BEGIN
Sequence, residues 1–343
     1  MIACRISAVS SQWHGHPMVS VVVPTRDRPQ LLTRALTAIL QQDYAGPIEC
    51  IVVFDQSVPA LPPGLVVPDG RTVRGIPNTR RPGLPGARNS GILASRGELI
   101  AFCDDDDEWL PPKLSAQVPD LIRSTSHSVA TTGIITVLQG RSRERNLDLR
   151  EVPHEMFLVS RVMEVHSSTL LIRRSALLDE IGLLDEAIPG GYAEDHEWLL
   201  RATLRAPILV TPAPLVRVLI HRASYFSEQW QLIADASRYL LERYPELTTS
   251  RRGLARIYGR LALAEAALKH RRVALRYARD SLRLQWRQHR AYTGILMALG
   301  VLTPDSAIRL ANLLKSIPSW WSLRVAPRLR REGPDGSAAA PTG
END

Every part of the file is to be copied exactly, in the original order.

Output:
Sequence, residues 1–343
     1  MIACRISAVS SQWHGHPMVS VVVPTRDRPQ LLTRALTAIL QQDYAGPIEC
    51  IVVFDQSVPA LPPGLVVPDG RTVRGIPNTR RPGLPGARNS GILASRGELI
   101  AFCDDDDEWL PPKLSAQVPD LIRSTSHSVA TTGIITVLQG RSRERNLDLR
   151  EVPHEMFLVS RVMEVHSSTL LIRRSALLDE IGLLDEAIPG GYAEDHEWLL
   201  RATLRAPILV TPAPLVRVLI HRASYFSEQW QLIADASRYL LERYPELTTS
   251  RRGLARIYGR LALAEAALKH RRVALRYARD SLRLQWRQHR AYTGILMALG
   301  VLTPDSAIRL ANLLKSIPSW WSLRVAPRLR REGPDGSAAA PTG